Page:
a family gets the start-up capital it needs to generate a sustainable, climate-resistant income.

With a one-time payment of 135 €...

a family gets the start-up capital it needs to generate a sustainable, climate-resistant income.

With a one-time payment of 135 €...

a family gets the start-up capital it needs to generate a sustainable, climate-resistant income.

What women and families have achieved in 2020

    • 13,824 women generated income independently and are organized in village groups
    • 55,072 people have secured their food during one of the worst crises in decades by relying on existing self-help structures
    • 6,979 women have attended training in agriculture, finance, women's rights and disaster preparedness and are applying their newly acquired knowledge
    • in 8,485 cases, 654 village groups have ensured that people receive the social services to which they are entitled
    • More than 8,500 families were able to have their livestock vaccinated against diseases
A total of 64,425 families

have built new livelihoods through NETZ projects

249.759 people

have overcome poverty and hunger as a result

85 percent

of people have sustainably consolidated their living situation

Learn more
about food security and our approach

  • Why does NETZ not provide microcredits?

    The microfinance system has been established in Bangladesh and India since the mid-1970s and was considered a minor revolution at the time: for the first time, people were given the opportunity to borrow money from development organizations on a short-term basis without becoming dependent on the often dubious local middlemen who worked with interest rates of up to 250 percent. Since then, microloans have become a fixed part or even main focus of business for many organizations.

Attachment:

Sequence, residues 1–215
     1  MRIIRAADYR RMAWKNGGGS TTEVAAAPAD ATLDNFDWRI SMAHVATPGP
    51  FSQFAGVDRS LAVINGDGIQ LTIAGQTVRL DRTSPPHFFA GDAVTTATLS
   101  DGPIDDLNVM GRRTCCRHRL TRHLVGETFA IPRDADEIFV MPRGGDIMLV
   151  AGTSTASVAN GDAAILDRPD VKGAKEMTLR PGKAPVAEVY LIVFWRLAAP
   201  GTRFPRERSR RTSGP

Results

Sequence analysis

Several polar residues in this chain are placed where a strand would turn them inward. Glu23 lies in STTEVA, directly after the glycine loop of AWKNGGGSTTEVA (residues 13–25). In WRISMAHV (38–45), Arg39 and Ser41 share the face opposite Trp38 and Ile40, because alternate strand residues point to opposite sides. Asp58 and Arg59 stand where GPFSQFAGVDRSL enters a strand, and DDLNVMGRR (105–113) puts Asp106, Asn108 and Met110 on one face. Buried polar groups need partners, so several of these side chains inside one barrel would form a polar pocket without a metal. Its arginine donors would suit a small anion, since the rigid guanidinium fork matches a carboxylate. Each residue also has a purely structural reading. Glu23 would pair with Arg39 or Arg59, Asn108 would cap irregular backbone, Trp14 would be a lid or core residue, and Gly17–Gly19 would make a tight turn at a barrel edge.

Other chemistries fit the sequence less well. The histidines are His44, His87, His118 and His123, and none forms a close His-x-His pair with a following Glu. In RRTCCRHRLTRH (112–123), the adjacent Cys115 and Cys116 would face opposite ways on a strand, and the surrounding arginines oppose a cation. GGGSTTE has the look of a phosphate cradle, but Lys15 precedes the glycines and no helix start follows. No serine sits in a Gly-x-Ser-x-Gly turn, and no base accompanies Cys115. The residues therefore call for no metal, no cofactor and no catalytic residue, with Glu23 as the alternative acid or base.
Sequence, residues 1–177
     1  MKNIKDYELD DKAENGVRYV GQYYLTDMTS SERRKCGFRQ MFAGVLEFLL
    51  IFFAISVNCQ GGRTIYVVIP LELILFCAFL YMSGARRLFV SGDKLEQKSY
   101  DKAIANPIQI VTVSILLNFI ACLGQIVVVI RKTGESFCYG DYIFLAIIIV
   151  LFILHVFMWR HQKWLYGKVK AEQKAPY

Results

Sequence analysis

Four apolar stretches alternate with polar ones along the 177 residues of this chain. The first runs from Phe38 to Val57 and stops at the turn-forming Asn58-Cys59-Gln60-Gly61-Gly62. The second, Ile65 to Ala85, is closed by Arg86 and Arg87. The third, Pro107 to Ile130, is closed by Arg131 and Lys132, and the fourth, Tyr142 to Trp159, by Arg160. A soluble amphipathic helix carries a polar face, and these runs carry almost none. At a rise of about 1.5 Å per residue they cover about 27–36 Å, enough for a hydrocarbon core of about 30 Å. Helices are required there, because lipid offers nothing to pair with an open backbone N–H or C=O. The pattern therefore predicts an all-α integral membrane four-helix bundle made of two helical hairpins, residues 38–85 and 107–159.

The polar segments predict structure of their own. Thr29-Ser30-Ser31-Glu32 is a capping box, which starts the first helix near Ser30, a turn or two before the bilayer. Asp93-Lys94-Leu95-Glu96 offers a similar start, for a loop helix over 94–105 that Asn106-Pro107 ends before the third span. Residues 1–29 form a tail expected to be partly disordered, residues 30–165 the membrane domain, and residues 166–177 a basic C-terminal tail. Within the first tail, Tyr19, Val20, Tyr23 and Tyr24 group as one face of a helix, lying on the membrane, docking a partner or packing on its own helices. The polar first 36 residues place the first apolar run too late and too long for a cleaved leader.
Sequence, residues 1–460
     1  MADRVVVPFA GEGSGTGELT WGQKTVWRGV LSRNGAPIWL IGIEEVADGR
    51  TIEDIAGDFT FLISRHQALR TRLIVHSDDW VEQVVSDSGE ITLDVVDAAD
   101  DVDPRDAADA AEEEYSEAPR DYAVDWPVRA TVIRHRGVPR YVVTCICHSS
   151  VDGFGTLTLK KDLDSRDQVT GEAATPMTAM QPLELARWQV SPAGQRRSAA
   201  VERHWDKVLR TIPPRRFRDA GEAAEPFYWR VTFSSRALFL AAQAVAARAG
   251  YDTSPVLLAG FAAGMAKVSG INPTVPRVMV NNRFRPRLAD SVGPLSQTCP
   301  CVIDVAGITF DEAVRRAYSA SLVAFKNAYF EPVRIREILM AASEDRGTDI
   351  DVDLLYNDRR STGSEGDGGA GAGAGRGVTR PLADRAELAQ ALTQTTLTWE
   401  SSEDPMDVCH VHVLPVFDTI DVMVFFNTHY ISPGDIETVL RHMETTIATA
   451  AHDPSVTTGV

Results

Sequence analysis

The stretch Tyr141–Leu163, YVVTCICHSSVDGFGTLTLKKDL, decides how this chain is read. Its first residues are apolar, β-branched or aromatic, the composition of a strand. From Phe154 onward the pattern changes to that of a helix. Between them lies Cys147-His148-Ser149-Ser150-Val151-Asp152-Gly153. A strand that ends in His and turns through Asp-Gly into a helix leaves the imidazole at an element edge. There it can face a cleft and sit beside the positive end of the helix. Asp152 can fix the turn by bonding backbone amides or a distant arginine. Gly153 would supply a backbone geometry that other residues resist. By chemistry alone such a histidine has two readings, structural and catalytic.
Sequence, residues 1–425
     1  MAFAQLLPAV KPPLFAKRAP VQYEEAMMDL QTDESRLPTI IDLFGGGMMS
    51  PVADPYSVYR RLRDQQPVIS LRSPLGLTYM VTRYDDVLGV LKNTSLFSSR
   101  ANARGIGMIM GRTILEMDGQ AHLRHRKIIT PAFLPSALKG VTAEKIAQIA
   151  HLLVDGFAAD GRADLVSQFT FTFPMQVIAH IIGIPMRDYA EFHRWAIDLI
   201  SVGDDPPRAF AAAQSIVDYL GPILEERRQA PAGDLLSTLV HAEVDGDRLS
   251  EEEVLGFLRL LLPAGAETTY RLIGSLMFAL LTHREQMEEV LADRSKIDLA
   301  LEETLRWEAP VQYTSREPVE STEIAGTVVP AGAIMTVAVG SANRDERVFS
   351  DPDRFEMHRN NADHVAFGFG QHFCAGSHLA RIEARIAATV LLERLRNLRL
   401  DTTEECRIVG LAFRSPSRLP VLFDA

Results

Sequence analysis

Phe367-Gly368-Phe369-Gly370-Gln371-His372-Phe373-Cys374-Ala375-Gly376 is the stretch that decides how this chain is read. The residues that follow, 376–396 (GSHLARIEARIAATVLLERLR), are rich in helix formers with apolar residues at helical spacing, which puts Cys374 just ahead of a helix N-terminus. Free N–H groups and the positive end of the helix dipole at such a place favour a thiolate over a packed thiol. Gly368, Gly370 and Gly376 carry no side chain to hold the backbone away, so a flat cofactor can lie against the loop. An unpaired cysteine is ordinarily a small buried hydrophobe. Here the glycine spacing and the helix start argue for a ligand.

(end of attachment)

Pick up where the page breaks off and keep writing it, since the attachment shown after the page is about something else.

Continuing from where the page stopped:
But even with these micro credits, the work must yield a profit in order to secure a livelihood. Consequently, these credits are primarily granted to people who are able to repay at least a small amount. This reduces the risk. A major problem here is that the people concerned cannot always use their microcredits productively. Instead, they will use them for food and subsistence - and thus use up the money in the short term. As a result, they have to keep borrowing new money and are driven into debt. In comparison, people who are already living in extreme poverty and have neither property nor income are unable to repay interest amounts from the outset, no matter how small. They are therefore considered uncreditworthy and do not even get the chance to receive the organizations' quick loan.

    For NETZ and its local partners, the focus is on working with precisely these people: single women, indigenous communities, people with disabilities, and families who suffer from chronic malnutrition and whose average daily per capita income of less than 30 euro cents is far below the international poverty line. Because repayments are not feasible for those affected due to their living situation, especially at the beginning of the cooperation, NETZ and partners have developed the approach of start-up "capital". This means: The affected people receive productive goods - mostly animals or agricultural goods - with which they can build up an economic existence. In return, they do not have to pay anything back and thus have neither a debt to pay nor time pressure - so that they can concentrate entirely on the sustainable development of their homes.